IF George Bush expects his Persian Gulf strategy to succeed without war, he is bucking long odds. By moving to an offensive military posture, and pressuring UN Security Council members to approve the use of force against Iraq, Mr. Bush has adopted a strategy of escalating coercion to force Saddam Hussein to choose between war and unconditional surrender. But a growing body of research by social scientists indicates that ``bullying'' strategies, like that being applied by the US against Iraq, are more likely to lead to war than to submission by the other side. In crises between nations, coercive threats beget other threats. Like a poker game in which the pot grows as each player raises the ante to out-bluff the other, the stakes, in terms of national prestige and reputation, escalate along with the threats and counterthreats.
The crisis becomes a competition in risk-taking until the only options left are war or surrender. When stakes get that high, few leaders choose surrender. The pattern can be seen again and again in a sample of 50 crises occurring over the past century and a half, which I have studied to investigate the relationship between crisis bargaining and the outbreak of war.
If a war is fought in the Gulf, there is little reason to expect it will end in a quick US victory. As Korea and Vietnam showed, the key to prevailing isn't the capacity to inflict punishment, but to endure it. Endurance is a function of motivation, and a population is most highly motivated when attacked. Ultimately, the US would prevail, but the costs and risks would be high.
Among the risks are a wider war including Israel that could demolish the Arab coalition against Iraq, and Iraq's use of chemical, or even nuclear, weapons in a desperate last stand.
There is a safer and surer way to achieve our objectives in the Persian Gulf. The same research that demonstrates the ineffectiveness of bullying tactics indicates that the most effective approach to crisis bargaining is a ``firm-but-fair'' strategy. This strategy combines: (1) firmness in the face of aggressive or threatening actions by the other party, (2) avoiding threats of offensive action, and (3) a willingness to respond positively to significant concessions from the other party.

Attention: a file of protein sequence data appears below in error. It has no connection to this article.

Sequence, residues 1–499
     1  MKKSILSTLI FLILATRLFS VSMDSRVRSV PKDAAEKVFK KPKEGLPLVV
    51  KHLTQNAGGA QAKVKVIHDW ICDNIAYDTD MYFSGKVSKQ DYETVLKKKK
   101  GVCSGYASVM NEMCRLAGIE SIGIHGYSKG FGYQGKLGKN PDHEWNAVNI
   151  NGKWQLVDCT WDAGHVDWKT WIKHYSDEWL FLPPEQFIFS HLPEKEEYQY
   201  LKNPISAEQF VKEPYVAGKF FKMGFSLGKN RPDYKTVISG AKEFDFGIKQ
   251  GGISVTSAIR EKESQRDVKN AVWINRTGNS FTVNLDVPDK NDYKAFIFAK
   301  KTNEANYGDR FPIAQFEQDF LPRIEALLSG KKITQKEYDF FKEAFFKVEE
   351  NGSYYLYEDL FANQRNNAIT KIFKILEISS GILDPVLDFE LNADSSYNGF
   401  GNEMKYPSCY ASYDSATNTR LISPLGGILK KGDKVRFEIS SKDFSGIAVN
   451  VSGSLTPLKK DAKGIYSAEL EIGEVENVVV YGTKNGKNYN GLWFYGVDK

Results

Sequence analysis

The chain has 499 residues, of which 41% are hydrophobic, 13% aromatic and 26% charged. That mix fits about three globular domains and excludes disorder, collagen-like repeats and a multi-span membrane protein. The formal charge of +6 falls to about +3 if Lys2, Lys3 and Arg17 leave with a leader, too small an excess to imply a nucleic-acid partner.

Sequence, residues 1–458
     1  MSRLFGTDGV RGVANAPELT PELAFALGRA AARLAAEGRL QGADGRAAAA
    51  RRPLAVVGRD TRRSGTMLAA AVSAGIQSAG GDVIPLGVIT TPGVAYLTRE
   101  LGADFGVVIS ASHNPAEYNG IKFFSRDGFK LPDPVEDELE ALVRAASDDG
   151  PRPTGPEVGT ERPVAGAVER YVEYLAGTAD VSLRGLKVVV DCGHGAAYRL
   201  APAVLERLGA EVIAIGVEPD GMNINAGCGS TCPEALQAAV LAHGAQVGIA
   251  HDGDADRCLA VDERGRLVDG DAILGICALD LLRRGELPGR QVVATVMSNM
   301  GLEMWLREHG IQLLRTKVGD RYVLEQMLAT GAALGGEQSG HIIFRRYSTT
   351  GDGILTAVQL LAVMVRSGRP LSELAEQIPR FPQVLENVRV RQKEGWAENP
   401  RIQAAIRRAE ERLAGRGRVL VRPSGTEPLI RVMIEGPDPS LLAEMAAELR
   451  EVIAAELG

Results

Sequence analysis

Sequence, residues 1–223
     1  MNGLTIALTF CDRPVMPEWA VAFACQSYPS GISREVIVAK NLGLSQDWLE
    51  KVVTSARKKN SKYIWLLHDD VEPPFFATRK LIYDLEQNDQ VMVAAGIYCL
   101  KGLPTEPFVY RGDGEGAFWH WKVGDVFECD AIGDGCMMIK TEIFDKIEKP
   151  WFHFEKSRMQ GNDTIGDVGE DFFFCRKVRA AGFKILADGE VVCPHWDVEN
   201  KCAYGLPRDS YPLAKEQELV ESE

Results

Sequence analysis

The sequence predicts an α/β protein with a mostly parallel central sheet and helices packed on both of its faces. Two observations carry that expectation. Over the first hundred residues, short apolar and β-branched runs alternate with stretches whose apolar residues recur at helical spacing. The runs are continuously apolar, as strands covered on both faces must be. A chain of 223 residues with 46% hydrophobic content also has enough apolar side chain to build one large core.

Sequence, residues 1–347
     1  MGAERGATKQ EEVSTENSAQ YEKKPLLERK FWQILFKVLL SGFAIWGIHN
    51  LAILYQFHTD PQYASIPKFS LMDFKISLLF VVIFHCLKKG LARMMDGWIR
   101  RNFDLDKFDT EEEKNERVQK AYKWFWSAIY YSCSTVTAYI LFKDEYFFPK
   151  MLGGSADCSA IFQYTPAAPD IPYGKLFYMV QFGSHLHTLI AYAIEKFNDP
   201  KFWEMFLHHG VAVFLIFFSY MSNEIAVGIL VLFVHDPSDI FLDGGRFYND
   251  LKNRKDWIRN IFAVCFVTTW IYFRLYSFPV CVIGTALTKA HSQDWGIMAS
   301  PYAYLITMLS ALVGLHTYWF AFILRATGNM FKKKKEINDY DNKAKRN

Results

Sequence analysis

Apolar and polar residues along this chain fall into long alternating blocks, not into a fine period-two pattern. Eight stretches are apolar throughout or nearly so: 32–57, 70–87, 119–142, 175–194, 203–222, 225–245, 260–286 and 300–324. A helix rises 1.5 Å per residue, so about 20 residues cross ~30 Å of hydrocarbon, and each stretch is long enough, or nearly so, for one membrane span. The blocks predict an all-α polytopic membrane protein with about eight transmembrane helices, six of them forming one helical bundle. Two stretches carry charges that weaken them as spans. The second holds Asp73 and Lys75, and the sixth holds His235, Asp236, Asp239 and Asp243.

The initial US-UN response to Iraq's aggression - the defense of Saudi Arabia coupled with an economic blockade - was consistent with a firm-but-fair strategy. Then Bush lost his patience and switched to a bullying strategy of escalating coercion.
IT is difficult to move from bullying back to a firm-but-fair approach, particularly for a president already under attack for lacking direction and consistency. But it can be done if Bush is willing to use a little creativity. In fact, an excellent opportunity has been provided by Saddam Hussein's release of the hostages.
To implement the ``fair'' component of a firm-but-fair strategy, Bush should announce that the US will not initiate military action against Iraq in return for completion of the hostage release, and so long as the unity of the UN blockade holds. The president should state that, once all hostages are released, he will reduce US forces in Saudi Arabia to those necessary for defensive purposes and that the US will frequently rotate its troops to eliminate time pressure for attack or withdrawal.
These actions would reassure allies concerned about impulsive military action and reduce public pressure to ``fight or bring the boys home.'' The president also should state that the US has no intention of allowing the blockade to cause the starvation of innocent Iraqis, and that sufficient food and medical supplies will be allowed to insure survival, regardless of the length of the blockade. This eventually would be demanded by other members of the UN coalition, so it would be wise for the president to take the moral high ground now.
The ``firm'' component of this approach is to make it clear to the Iraqis that the UN blockade will be maintained - for years if necessary - until Iraq leaves Kuwait. The longer the blockade persists, the more impoverished Iraq will become and the more its military strength will dissipate as equipment breaks down, supplies are depleted, and morale declines. A tough, but humane, UN blockade also offers the advantage of directing the wrath of Iraqi citizens to where it belongs, at Saddam Hussein, rather than being channeled into a determined defense of their homeland.
Finally, a firm-but-fair strategy requires the willingness to respond positively to significant concessions from the other party. Virtually all crises that end peacefully require some negotiation, including some face-saving concession to the losing side. This is not a question of what that side deserves, but of the least costly way to achieve one's objectives.
There are ways to provide face-saving concessions without rewarding aggression. For example, an agreement could be reached whereby, once Iraq's forces have left Kuwait, economic assistance to recover from the effects of the blockade would be provided in return for the dismantling of Iraq's chemical and nuclear weapons facilities.
Unlike the bitterness and instability that would follow a war, the successful implementation of collective security without war would provide an enormous boost to the United Nations, as well as to US relations with Arab nations. To argue that we cannot afford the costs of a long-term commitment to a humane blockade is absurd when those costs are compared to the loss of life, American and Iraqi, that would result from a military offensive.
By renouncing war in favor of a firm-but-fair strategy in the Persian Gulf, and by devoting his energies to developing the unity and patience to maintain the blockade, George Bush could truly help lay the foundation for a new interational order.